Monday, June 27, 2011

To Tattoo or Not To

Hubby had the tires rotated today, and as we sat and waited we observed people of all ages with tatoos. Which brings me to this recently rejected essay that I will share with you. If you enjoy it, will you tell someone else? Direct them to my blog

I am trying to hit 150 followers. Thanks everyone. Well, not HIT them.

Marked for Life

Everyone agrees that laughter is good for what ails you. Like most people I like a good comedy; I enjoy a funny joke, but when the joke’s on me, or my body, it’s no laughing matter. I am not one to judge others. I’m a writer and an artist and I believe in self-expression, but I prefer sketches and paintings on canvas or graffitied on the sides of buildings, not on biceps, legs and necks and certainly not shining from the back of a teen-aged girl’s low-cut waistband. Ouch!

In the 1950’s it used to be guys with “Rosie” tattooed on their chest. Old Navy guys, who in their youth, spent shore leave getting anchors and girlfriends’ names etched onto their forearms later buried them like old memories under long-sleeved shirts and hid them from wives with different names.

Nowadays you see young people, girls and guys, whose bodies look like walking bulletin boards. I am not a prude; I don’t object to what other people do to their bodies or how they flaunt their tattoos. Some display brilliantly hued ‘sleeves’ from shoulder to wrist. It is not uncommon to observe respectable looking men and women standing in check out lines with numerals and letters etched on their forearms and necks.

Personally, I prefer a plastic name badge to announce my affiliations. Nobody’s inking my neck!

When my children were small, I adamantly disapproved of rub-on tattoos. When they
came home from birthday parties, I rifled through their goody bags. Sure, I snatched a piece of candy or two, but my quest was for those fake tattoos that some dumb mom thought was a cute and harmless party favor. If the kids rubbed them on their bodies, I scrubbed them off. I considered transfer tattoos precursors to permanent branding. I vowed not be a party to the defacing of my kids’ bodies. They did enough of that on their own – my son was a billboard of scrapes, scabs and scars and my daughter sported too-orange blush, clashing pink lipstick and hideous fashions.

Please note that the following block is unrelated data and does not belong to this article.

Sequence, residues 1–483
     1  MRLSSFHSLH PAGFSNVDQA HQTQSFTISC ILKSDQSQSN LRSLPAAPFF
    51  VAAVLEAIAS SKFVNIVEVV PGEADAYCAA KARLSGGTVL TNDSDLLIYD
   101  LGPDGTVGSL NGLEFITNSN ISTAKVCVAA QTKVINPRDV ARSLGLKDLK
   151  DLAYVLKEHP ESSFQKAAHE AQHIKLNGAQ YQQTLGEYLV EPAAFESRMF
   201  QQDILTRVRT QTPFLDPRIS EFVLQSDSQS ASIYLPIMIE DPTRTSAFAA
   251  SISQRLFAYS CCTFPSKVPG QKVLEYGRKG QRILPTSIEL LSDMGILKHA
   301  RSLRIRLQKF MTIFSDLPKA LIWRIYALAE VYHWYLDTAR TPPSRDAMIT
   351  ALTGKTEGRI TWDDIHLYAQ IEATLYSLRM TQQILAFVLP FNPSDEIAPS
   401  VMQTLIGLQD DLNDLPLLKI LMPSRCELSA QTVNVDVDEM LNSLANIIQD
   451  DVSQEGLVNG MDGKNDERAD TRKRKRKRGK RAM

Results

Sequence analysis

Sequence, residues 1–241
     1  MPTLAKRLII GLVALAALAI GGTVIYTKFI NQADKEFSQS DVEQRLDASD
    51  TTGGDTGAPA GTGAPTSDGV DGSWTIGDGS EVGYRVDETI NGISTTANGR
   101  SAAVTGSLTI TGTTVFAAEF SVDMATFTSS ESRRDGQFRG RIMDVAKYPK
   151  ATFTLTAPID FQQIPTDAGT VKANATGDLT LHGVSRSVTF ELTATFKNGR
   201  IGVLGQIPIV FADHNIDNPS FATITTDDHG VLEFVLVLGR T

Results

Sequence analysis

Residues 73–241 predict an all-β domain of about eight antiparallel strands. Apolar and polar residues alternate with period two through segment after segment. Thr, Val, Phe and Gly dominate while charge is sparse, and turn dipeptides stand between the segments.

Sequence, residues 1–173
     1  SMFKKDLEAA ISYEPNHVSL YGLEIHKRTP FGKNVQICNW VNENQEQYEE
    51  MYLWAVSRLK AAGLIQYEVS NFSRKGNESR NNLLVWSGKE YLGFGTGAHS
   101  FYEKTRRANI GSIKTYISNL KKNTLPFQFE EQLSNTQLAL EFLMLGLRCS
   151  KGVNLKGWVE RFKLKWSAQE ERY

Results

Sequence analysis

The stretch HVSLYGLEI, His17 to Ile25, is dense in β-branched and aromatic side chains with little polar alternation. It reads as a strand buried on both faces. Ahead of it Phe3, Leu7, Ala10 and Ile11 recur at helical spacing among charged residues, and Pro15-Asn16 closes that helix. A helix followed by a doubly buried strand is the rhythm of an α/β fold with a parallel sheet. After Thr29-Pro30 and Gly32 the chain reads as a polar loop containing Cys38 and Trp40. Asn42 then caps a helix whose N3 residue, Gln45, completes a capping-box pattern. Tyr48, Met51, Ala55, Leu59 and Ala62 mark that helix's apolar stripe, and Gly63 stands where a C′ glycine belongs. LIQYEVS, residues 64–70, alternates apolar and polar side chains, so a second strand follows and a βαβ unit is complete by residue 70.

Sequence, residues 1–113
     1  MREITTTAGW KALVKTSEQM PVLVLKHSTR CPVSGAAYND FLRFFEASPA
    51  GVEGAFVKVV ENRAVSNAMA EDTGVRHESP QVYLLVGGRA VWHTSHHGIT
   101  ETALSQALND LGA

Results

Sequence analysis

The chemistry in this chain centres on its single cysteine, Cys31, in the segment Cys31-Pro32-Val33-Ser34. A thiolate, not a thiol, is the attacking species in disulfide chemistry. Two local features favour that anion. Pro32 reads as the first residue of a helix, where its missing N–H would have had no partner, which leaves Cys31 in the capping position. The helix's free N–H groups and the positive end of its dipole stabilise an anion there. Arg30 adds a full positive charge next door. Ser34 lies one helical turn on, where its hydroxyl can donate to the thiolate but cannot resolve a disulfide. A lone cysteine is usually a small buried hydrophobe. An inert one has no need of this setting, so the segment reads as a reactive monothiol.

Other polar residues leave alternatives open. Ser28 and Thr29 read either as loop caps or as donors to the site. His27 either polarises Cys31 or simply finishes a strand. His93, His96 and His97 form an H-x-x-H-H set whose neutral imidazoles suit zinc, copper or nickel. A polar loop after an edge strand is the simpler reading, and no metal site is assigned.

Kids are fickle at fifteen; if they had imprinted the names of their latest sweethearts on their bodies, there would have been weekly scratch outs and replacement names up and down their arms. I couldn’t prevent their weekly heartbreak, but I was able to prevent their future pain of tattoo removable. I simply said NO to permanent tattoos as they got older.

Times have changed. Nowadays, I cringe when I see my grandchildren sporting a temporary Spidey on their forearm. What can I say when they shove some super hero under my nose and ask me what I think? If I told them, I’d never get grandma visitation, so I direct their attention to my own "tattoo". Don’t get me wrong. I wasn’t a willing participant; in fact I was so mad at my new husband when I discovered the half dollar sized, indigo blue heart shape on my lower left leg, I screamed. “Bill, what have you done to me!”

“Married you on Valentine’s Day and made you my wife.” The big joker laughed. His playful nature and sense of humor drew me to him. I liked my funny honey, but I did not appreciate being drawn ON.

“You know how I feel about tattoos.” I grimaced. He watched me spit and rub; he observed as I scoured and scrubbed. But the image remained.

“What did you do, use permanent ink when you drew this?”

“Honey, I didn’t do it. Let me see your leg.”

I raised my leg and shoved my foot into his gut and said, “Look at what you did! I can’t get it off.”

“Now calm down. I didn’t draw on you. Take a closer look and tell me what you really

“I think I love you, but I’m forty years old, and I don’t want a teeny bopper tattoo to prove it.”

I looked closely at my shin and gasped as the realization sunk in that no amount of cleanser or intense scrubbing – nothing, could remove it, short of a visit to the dermatologist. One of my spider veins had broken into a clearly defined, perfect heart shape. I was marked for life.

Nowadays when my grandchildren show me their tattoos, I hike my pant leg and take each child aside individually and say, “See Nana’s tattoo? I got this one to show the world how much I love YOU, but shhh!, don’t tell the other kids.”

When your body plays tricks on you, you might as well laugh and play along.

No tats yet for the clan, at least not where I can see them :)


Kim Lehnhoff said...

I don't mind the rub on tattoos, but I'm not fond of some of the body art I see around me.

Gravity always wins, so the lovely heart on someone's breast will someday be tucked into their waistband.

Hey, if you can call spider veins a tattoo, can I call my stretch marks 'racing stripes'?